This utility pays a solid dividend and is cheap, too, at just nine times earnings, so you've got the income safety of a utility and the downside protection of a value stock. While its dividend won't drive the stock price massively, the way I expected it to with CVR Energy Partners and National Grid, Dominion has solidly outperformed the S&P over the last decade, and I think there's more to come. The company has a payout ratio of just 35%, meaning its history of raising dividends by about 7% over the last five years should continue.
The company has some 2.4 million electricity customers in Virginia and North Carolina, 1.2 million natural gas customers in Ohio, and 1.8 million merchant power customers across 12 states. It also has transmission and gas pipeline infrastructure -- exactly the type of stable assets that attracted me to National Grid back in January. With regulated operations making up about 55% of its earnings, providing a solid and stable base, while the rest comes from sales of power on the free market. Low unemployment and a quickly growing regional economy in Dominion's service areas provide much promise that this company can boost its dividend.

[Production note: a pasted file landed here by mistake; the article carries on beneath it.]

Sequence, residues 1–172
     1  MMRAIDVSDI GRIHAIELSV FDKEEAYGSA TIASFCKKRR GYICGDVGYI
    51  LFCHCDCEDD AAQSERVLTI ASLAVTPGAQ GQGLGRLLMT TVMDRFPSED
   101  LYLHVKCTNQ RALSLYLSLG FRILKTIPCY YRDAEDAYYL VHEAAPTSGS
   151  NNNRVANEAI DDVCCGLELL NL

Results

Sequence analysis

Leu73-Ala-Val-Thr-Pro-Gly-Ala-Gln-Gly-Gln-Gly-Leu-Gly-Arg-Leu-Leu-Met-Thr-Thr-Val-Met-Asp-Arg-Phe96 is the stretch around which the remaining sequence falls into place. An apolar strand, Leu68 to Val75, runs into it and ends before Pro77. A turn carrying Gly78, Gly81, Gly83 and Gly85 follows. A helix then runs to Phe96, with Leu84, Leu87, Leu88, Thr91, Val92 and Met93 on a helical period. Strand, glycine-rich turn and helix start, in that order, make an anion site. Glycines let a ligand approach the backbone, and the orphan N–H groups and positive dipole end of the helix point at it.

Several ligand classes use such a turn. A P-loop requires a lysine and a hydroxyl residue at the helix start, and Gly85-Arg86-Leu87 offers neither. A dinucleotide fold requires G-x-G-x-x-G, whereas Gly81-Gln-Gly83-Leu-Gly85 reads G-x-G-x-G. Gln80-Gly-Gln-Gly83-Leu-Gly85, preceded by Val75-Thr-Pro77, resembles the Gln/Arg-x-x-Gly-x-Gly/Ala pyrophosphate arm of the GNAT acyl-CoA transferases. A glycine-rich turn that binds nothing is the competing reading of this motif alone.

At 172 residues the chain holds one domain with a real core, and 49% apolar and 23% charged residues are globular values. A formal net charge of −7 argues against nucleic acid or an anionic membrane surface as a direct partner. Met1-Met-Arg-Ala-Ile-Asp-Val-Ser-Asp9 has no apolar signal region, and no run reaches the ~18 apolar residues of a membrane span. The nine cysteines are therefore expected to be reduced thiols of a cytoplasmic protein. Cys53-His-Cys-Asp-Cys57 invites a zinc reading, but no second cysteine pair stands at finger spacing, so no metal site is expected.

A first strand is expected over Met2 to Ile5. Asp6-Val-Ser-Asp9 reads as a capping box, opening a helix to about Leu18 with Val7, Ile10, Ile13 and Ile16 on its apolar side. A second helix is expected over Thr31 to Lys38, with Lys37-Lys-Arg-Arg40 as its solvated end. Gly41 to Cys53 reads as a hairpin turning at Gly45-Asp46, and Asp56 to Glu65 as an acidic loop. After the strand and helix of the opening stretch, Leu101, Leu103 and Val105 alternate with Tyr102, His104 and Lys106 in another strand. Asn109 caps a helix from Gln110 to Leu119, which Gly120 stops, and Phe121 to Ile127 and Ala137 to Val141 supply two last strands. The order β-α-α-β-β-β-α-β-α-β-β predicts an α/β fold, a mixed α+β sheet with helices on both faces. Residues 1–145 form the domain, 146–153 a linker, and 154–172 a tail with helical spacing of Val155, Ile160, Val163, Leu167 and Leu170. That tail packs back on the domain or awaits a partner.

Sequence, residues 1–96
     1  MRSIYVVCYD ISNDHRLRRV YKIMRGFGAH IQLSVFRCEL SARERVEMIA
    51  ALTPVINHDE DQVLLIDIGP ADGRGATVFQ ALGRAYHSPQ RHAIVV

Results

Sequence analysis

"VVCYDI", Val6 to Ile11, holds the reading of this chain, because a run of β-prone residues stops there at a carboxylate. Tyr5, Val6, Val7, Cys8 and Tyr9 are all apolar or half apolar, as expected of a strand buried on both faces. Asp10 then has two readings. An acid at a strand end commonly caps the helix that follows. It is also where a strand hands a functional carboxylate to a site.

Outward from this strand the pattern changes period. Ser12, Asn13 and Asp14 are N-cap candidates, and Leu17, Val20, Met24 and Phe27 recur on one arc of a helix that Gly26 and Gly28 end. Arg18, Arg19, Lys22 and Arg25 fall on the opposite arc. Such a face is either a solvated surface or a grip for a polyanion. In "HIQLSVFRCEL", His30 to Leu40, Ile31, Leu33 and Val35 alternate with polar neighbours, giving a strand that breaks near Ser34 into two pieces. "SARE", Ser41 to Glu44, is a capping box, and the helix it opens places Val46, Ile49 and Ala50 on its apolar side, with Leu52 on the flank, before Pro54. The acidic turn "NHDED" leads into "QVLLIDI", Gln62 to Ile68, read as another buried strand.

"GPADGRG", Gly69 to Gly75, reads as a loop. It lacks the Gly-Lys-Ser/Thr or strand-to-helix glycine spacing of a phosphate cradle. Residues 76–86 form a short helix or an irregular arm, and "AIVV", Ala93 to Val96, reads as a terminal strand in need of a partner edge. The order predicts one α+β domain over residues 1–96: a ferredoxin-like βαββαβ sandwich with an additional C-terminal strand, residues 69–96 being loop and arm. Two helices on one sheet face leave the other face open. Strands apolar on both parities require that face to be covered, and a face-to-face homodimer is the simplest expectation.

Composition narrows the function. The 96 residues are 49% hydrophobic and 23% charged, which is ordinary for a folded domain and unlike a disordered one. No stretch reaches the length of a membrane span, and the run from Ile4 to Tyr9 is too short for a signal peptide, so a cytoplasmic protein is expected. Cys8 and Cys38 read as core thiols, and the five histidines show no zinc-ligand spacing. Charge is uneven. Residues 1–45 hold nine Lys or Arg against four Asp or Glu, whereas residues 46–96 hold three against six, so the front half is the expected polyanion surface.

This stock is very cheap and has the potential double in the near future. Strong returns and fat dividends -- sign me up!
Some investors might love to hate on SUPERVALU. After all, the company reported a loss of $1.5 billion in the last four quarters. But you need to dig deeper than that to see this gem's beauty. That loss was caused by a $1.9 billion writedown of goodwill. Excluding that, the company earned a $1.40 per share. The company predicts $1.20 to $1.40 in earnings this year. The company has committed to rapidly paying down debt without sacrificing its dividend. The dividend consumed just 13% of its free cash flow over the last four quarters, suggesting that it's well-covered.